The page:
The system, known as Fliker and developed by Rafael Advanced Defense Systems, fires an interceptor at an incoming SAM and is designed to minimize debris to avoid shrapnel hitting the aircraft.
The rotating system "is designed to serve as the second layer of defense for helicopters and will be activated when automatic flares fail to divert an incoming missile," The Jerusalem Post reported Friday.
The unveiling of the system, which recently successfully underwent testing, is the latest in a string of new weapons the Israeli military has announced amid growing concerns that a new regional conflict is simmering.
This war, with Iran, Syria and their proxies Hezbollah and Hamas in Lebanon and Gaza the likely adversaries, is expected to focus largely on a sustained missile and rocket bombardment of the Jewish state on an unprecedented scale.
Israel's principal response would be airstrikes by its 227 ground-attack F-15 and F-16 jets, built by Boeing and Lockheed Martin, and its 80-plus attack helicopters, including 48 Boeing AH-64A/D Apaches and 33 Bell AH1-E/F Cobras.
Israel also has some 200 transport helicopters, including 73 twin-engine Sikorsky Black Hawk craft of various designations.
Israel has the Middle East's most formidable air force and has long maintained aerial supremacy over its Arab neighbors and Iran.
But Hezbollah, which is reputed to have in excess of 42,000 surface-to-surface missiles and rockets that can be unleashed on the Jewish state, is now reported to have an array of Russian-built SAMs. These weapons, supplied by Iran and Syria, could challenge Israel's mastery of the skies over Lebanon for the first time.
The Jerusalem Post recently reported that Shiite guerrillas, who have underground missile depots across their heartland in the Bekaa Valley of northeastern Lebanon along the Syrian border, now possess the SA-8, a Russian mobile SAM system with an estimated range of around 20 miles.
Hamas is believed to have received SAMs from Iran, as well as an unknown number of Soviet-era weapons plundered from Libya during and after its civil war in 2011.
Israel says it has spotted some of the 480 shoulder-fired Russian Igla-S 9K-338 SAMS, which NATO calls the SA-24 Grinch, that Western counter-terrorism officials say are missing from Libya.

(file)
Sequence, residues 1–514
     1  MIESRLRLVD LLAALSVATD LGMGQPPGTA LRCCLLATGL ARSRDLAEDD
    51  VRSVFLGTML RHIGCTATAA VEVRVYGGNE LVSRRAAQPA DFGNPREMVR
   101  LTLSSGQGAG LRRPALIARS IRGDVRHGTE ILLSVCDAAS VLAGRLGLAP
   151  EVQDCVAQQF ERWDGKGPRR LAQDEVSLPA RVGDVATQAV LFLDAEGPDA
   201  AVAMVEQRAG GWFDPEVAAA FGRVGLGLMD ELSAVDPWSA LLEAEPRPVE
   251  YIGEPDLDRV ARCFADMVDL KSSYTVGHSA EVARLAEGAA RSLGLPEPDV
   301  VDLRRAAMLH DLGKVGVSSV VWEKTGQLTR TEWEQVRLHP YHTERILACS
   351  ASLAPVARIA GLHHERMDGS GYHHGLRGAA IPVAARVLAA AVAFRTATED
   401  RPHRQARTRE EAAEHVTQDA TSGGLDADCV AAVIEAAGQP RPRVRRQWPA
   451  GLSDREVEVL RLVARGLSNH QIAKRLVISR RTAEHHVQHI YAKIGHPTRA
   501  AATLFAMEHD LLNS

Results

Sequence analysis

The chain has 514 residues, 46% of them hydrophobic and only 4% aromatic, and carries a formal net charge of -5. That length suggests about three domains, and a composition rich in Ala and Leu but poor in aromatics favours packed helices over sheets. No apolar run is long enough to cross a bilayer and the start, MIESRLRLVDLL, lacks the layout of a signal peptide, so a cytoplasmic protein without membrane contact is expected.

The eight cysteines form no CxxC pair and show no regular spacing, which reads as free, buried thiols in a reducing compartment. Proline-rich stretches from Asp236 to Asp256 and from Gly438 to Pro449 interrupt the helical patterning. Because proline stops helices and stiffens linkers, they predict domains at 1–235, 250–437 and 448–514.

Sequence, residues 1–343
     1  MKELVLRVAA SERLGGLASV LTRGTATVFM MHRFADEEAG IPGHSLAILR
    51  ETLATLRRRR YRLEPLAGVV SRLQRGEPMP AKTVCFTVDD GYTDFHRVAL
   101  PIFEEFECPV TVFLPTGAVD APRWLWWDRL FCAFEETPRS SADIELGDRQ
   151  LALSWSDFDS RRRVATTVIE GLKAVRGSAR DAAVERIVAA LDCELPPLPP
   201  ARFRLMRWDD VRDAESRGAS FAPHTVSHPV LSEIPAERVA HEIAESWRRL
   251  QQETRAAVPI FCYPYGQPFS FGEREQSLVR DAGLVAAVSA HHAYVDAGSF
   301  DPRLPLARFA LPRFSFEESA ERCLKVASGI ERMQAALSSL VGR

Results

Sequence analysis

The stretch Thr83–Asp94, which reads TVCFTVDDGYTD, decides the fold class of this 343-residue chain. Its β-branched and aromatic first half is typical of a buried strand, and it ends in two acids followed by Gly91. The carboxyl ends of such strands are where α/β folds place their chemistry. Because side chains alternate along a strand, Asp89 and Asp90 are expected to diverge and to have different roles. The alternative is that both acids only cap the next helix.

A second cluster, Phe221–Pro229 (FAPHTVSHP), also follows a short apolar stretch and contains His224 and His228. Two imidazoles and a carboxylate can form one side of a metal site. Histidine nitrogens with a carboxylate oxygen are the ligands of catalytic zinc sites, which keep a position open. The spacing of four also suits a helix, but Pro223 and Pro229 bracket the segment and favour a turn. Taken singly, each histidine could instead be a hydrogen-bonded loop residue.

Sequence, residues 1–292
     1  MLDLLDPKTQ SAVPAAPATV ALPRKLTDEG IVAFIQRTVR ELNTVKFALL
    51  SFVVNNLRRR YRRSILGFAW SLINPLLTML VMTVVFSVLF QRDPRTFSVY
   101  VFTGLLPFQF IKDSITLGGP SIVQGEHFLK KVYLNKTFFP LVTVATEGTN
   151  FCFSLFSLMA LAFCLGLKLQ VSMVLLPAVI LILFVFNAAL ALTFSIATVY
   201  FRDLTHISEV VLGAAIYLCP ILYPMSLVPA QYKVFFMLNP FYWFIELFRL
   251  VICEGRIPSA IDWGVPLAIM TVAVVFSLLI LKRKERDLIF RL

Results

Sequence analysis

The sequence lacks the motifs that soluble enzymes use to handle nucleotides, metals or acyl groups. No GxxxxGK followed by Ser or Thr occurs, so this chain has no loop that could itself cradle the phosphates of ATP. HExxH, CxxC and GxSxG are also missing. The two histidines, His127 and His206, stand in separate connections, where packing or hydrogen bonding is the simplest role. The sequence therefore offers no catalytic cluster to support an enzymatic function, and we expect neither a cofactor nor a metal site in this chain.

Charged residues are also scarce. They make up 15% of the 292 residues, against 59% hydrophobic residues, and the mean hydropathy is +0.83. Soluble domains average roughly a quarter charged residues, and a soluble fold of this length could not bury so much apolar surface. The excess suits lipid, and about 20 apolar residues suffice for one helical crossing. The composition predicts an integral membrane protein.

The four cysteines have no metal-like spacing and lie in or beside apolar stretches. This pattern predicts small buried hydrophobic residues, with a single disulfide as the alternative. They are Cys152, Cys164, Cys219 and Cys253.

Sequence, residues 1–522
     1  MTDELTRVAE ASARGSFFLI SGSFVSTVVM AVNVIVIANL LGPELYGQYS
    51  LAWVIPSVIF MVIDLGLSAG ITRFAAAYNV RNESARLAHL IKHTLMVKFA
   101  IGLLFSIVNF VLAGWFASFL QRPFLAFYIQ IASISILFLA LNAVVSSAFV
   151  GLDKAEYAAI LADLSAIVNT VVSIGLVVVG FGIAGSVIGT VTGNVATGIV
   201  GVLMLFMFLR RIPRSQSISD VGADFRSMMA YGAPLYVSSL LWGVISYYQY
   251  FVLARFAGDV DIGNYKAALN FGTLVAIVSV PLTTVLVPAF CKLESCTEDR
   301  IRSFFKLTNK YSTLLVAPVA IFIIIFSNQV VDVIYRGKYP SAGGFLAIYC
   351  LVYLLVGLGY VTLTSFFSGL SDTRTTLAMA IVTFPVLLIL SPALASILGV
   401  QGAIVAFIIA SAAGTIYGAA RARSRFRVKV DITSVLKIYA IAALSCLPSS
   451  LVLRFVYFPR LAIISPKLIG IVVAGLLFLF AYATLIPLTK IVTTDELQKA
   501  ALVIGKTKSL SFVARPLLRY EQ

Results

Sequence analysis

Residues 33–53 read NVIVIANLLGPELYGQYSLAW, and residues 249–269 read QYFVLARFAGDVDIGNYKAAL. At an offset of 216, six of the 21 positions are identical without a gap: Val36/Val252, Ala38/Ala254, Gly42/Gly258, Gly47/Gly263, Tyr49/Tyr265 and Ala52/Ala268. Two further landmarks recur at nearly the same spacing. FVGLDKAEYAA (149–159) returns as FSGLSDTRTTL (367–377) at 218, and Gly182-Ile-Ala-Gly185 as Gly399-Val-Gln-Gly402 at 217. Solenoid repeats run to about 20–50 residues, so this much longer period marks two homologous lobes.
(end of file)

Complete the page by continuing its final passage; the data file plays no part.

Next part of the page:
The SA-24, built by Russia's KBM design bureau at Kolomna, outside Moscow, is one of the most potent surface-to-air missiles in service these days.
It's effective up to 19,000 feet and is resistant to most electronic countermeasures.
However, Israeli AH-54 gunships operating over Gaza were reported to have been able to defeat SA-24s sold to Iran and apparently passed on to the Palestinians in Gaza, as well as Hezbollah.
The Israelis haven't commented on these reports.
The Israeli air force, equipped largely with U.S.-made aircraft and weapons systems, is capable of countering the SA-8 with electronic jamming systems and precision-guided munitions.
It displayed these capabilities Sept. 6, 2007, when seven F-15I Boeing Raam fighters destroyed a suspected nuclear reactor being built by North Korea in Syria at Deir al-Zor 80 miles from the Iraqi border.
The warplanes in Operation Orchard were able to evade Syrian air defenses during the nighttime raid because an electronic warfare aircraft accompanying them blinded Syrian radars and missiles defenses.
However, if Hezbollah has SA-8s in sufficient numbers to hurl multiple missiles at Israeli aircraft it could impede airstrikes aimed at destroying surface-to-surface missile storage and launch sites that would likely be heavily defended.
In the first 36 hours of the 2006 war, Israeli warplanes destroyed most of Hezbollah's long-range missiles before they could be used but they were unable to stop a non-stop 34-day barrage on northern Israel that lasted until the final moments of the conflict.
With enough SA-8s, and the large quantity of Russian shoulder-fired SAMs Hezbollah is believed to have received from Syria over the last two years, the battle-hardened guerrillas could blunt Israeli air operations for a time to a degree not seen since the invading Egyptians drove off Israeli jets in the opening days of the 1973 war.